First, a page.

How to Live on the Street

Three Parts:SleepingEatingMaintaining hygiene

What most people spend on living arrangements, whether "permanent" ones such as houses or apartments, or hotels when traveling, can enable a frugal nomad to enjoy the same bars and restaurants as those who turn up their noses at him when they see him in a sleeping bag in the entryway of a closed shop downtown. While not all areas are good prospects for this manner of living, wherever you see a substantial homeless population you can be fairly sure of being able to live nomadically.

Part 1

  1. Image titled Live on the Street Step 1
    Carry both a sleeping bag and sleeping pad suitable to the climate of the area in which you are living. A combination of poncho/tarp/bivy sack also comes in handy in rainy weather.
  2. Image titled Live on the Street Step 2
    Sleep in public places. Sleeping in public places keeps the risk factor low as you seem less suspicious and there is a low probability that police will harass you.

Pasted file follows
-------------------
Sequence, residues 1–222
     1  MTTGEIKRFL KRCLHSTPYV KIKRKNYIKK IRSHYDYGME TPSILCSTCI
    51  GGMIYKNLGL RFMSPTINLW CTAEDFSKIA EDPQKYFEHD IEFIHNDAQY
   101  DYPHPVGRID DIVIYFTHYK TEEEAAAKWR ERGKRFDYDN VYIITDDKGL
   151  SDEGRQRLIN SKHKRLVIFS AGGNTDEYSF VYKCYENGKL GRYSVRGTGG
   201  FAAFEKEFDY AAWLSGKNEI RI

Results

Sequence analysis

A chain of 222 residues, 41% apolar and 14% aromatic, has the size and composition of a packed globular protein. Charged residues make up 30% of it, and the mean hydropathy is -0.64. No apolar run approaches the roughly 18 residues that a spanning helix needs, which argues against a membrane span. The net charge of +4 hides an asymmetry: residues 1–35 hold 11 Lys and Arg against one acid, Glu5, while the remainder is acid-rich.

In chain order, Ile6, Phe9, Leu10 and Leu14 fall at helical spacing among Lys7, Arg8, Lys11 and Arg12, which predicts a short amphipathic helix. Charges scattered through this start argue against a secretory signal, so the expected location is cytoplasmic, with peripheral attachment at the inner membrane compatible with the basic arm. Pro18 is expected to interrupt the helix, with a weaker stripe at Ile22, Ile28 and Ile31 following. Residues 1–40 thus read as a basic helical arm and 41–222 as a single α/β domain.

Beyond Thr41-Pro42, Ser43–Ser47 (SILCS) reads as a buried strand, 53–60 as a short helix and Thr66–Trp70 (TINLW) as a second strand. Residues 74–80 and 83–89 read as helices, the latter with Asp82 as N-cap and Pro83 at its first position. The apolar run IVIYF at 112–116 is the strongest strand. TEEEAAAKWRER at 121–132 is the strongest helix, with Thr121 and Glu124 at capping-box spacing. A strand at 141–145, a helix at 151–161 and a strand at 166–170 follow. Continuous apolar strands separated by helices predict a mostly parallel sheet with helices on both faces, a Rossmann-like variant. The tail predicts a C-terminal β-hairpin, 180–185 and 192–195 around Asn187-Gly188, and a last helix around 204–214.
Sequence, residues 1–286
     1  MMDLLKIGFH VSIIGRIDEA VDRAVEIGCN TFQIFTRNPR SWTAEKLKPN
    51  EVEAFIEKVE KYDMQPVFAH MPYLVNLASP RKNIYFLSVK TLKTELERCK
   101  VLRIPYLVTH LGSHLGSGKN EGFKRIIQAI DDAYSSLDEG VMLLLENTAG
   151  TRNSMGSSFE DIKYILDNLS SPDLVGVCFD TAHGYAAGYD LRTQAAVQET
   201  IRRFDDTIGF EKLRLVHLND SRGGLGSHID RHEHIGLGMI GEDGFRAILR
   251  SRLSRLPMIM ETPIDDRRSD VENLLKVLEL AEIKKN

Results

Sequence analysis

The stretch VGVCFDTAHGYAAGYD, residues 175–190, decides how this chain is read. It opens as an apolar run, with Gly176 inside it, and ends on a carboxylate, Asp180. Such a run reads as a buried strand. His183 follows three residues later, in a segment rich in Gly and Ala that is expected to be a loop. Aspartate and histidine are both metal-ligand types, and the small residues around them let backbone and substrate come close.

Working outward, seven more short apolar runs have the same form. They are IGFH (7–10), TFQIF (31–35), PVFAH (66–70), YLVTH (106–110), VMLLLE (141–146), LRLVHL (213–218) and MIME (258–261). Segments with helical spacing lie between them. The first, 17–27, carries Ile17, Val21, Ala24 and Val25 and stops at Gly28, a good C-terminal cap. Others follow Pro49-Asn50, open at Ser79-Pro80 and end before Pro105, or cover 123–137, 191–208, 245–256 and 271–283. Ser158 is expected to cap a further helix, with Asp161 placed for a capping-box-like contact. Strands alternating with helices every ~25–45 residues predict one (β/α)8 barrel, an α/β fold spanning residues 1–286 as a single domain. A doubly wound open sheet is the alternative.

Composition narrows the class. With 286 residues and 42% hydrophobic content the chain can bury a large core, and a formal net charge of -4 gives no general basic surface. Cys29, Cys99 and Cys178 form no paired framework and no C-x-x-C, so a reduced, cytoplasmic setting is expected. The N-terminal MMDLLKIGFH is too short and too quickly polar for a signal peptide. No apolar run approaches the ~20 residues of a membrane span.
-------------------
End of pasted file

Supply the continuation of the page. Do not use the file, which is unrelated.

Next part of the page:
• Sleep in a park during the day whenever possible; there is less chance of police harassment and mugging, it is generally warmer, and the grass makes a natural cushion. Large parks, such as the Boston Common and San Diego's Balboa Park, make it easy to find a place to lay out your tarp and sleep for a few hours.
    • Beaches are excellent places to sleep during the day, but keep above the high-tide line, unless you want to awake to the chill of an ocean wave, and wear sunscreen or keep your body covered..
  3. Image titled Live on the Street Step 3
    If you must sleep on the street at night, find an area where the homeless are already doing the same. You will be less conspicuous, and the police probably leave them alone in that area. Be wary that the other homeless people may try to intimidate you or even rob you.
    • If you can't find a spot where the homeless are sleeping, choose a place that's fairly well lit yet out of the pedestrian walkway. It's better to have the cops roust you than get mugged in a dark alley.